His email handle was Happy Wally. His happiness came from his wife of 50 years, the joy of his grandchildren, and by trying to give away all of his considerable real estate fortune to make the world better. In this goal too, Wally seemed to succeed before his death Monday.
When we got together, about twice per year, usually over breakfast or lunch, he always had a written list of questions for me about one of our consumer group's missives or quotes in the newspaper, and how we could get the political change we desired. We would go over them one by one. He would shake his head at the injustice de jour, and how political corruption sustained it, and we would talk tactics.
Wally's questions weren't the probing inquiries you would expect of a successful real estate developer who had invested his winnings in progressive causes for decades. They were the happy, innocent questions of a deeply curious human being who simply cared about others who did not have the same wealth or safety he had.
Caring for Wally wasn't simply caring. He was literally embarrassed at living comfortably in a world where so many were uncomfortable, and wanted to give all he had to change it.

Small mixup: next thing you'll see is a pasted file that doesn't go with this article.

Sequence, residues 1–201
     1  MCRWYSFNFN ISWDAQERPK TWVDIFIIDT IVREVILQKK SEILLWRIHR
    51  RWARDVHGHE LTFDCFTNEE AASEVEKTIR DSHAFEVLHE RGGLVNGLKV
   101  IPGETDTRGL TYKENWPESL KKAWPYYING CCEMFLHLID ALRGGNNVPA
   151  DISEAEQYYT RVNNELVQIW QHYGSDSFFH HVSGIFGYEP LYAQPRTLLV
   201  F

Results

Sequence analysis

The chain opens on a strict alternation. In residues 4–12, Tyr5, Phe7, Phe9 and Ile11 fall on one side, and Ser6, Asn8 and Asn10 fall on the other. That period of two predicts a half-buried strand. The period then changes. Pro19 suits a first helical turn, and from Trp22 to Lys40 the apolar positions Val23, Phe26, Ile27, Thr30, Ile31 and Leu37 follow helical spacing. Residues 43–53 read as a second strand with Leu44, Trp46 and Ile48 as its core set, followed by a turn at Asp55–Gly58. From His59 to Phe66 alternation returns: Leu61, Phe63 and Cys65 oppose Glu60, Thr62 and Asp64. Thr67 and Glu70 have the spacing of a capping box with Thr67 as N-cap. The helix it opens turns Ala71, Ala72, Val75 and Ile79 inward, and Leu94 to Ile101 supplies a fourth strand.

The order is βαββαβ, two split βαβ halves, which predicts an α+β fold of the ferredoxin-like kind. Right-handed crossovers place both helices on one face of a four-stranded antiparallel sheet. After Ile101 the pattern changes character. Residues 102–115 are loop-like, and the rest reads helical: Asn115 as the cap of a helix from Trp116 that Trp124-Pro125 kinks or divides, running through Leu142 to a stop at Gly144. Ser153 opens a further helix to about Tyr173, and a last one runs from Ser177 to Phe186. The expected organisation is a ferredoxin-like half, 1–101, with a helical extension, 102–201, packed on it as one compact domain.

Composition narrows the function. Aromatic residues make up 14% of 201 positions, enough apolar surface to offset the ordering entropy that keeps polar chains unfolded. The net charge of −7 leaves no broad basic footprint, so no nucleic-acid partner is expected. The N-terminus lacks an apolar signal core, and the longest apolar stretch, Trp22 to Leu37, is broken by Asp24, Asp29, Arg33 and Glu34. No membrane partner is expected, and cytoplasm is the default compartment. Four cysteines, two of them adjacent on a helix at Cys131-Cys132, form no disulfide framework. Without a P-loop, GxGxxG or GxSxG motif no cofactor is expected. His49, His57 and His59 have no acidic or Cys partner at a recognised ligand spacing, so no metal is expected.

Health care reform. Campaign finance reform. Peace in the Middle East. The most vexing questions for humanity are where Wally Marks gave his time, energy, curiosity and money.
You could see that Wally was a humanist just by witnessing his quiet, gentle way. He helped with kind words, good ideas, calls to friends and big checks that he handed over without comment, strings or pomp. The donation came simply with a pat on the back and an almost embarrassed look to the pavement that he could write such a check in the first place. It was as though he was paying a debt to you.
The last time I saw him, almost exactly a year ago last Passover, for a matzo brie breakfast the Lux Hotel in Bel Air, he told me that within a year his money would be gone because he would be successful at giving it all away. I gratefully took the check he offered, and was glad to see how content the thought of full divestment of his wealth made him.
Wally Marks was a rare man, and a true Progressive. He gave all he had for progress with no expectation of anything in return other than knowing that the conditions of other people with less would be more equal to his own. It made him happy.
I can only imagine how, over the years, many of his liberal neighbors, who have since given their fortunes back to Bernie Madoff or the stock market, thought Wally was nuts. In the end, Wally Marks showed them his simple path to progress worked: living is giving.